Nucleoplasty is a minimally invasive procedure developed
to treat patients with contained, or mildly herniated
discs. Nucleoplasty literally means removal of the
nucleus (nucleus pulposus is the center gel-like
substance of the disc.) The outer band-like substance of
the disc is the annulus fibrosis. Typically when a disc
herniates, the annulus fibrosis opens and allows the
nucleus pulposus to protrude and compress structures
such as nerves. Nucleoplasty does not involve an
incision. A special access needle is placed into the
disc under x-ray guidance. A wand-like device is then
inserted through the needle and into the disc. The
device uses heat to remove disc material and seal the
channel made by the needle. Several channels are made
depending on how much disc material needs to be removed.
procedure is performed in a surgical center with
fluoroscopic (x-ray) guidance. Nucleoplasty is done with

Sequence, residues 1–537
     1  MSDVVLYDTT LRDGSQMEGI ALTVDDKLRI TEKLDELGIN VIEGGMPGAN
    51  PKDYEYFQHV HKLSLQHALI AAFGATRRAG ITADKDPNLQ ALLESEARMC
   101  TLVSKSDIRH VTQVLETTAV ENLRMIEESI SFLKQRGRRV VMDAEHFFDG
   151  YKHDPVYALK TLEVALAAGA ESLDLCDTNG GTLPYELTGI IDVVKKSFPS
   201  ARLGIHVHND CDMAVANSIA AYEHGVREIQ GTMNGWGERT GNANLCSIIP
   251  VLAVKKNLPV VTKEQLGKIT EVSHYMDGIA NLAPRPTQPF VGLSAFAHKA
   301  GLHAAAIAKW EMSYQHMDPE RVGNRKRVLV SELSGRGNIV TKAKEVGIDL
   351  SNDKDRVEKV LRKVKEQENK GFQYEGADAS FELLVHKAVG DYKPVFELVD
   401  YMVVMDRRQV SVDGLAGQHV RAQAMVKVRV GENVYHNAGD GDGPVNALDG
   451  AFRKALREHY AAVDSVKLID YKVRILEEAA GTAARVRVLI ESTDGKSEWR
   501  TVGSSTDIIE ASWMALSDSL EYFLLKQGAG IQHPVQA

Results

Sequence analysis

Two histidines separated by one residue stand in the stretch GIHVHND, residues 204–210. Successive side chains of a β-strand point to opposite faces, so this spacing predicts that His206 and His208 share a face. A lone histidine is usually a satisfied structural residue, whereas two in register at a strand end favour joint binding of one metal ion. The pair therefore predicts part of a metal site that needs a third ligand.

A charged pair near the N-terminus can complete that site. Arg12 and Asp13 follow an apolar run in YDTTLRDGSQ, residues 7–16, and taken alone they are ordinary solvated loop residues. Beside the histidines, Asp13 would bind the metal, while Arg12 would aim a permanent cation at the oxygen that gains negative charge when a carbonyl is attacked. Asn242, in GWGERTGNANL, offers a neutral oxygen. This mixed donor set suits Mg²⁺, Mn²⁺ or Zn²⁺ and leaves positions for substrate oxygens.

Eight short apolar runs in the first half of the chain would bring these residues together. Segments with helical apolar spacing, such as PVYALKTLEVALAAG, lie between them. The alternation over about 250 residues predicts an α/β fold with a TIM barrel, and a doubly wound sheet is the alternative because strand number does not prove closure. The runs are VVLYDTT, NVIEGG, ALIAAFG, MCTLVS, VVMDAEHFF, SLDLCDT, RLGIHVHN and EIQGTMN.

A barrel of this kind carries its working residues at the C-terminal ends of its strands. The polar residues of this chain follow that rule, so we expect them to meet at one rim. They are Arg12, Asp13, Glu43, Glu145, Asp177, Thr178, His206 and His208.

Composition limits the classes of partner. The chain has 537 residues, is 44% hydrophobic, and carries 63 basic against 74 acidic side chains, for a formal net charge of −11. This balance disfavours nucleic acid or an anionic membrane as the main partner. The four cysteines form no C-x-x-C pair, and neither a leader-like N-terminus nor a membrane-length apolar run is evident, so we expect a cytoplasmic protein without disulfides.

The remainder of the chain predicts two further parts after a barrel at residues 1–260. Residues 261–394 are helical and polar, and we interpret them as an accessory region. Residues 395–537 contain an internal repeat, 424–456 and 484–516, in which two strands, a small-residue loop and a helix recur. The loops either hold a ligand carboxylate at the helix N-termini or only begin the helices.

the patient lying on the stomach. Intravenous sedation
is given to help with comfort and relaxation. The skin
is cleaned with an antiseptic solution and the back is
numbed with a local anesthetic before the procedure is
performed. The patient is monitored with an
electrocardiogram, blood pressure cuff and blood
will I feel during the procedure?
feel a sense of pressure, or mild discomfort when the
needle is inserted into the disc. When an abnormal disc
is injected, you will feel pain. Your physician will
closely monitor your comfort level during the entire
many discs are treated?
your symptoms and your MRI, your doctor will determine
which disc(s) may be causing your pain. Typically, only
one disc is treated at a time.
does Nucleoplasty take?
Nucleoplasty takes about 30 to 45 minutes, depending on
the amount of disc material that needs to be removed.
the injections hurt?
procedure involves inserting a needle through skin and
deeper tissues, so there is some discomfort involved.
However, your doctor will numb the skin and deeper
tissues with a local anesthetic using a very thin needle
prior to inserting the needle into the disc. Most of the
patients receive intravenous sedation and pain
medication, which makes the procedure easy to tolerate.
You may have a flare-up of your back pain after the
injection, but this gets better in a day or two and can
usually be managed with ice packs and oral pain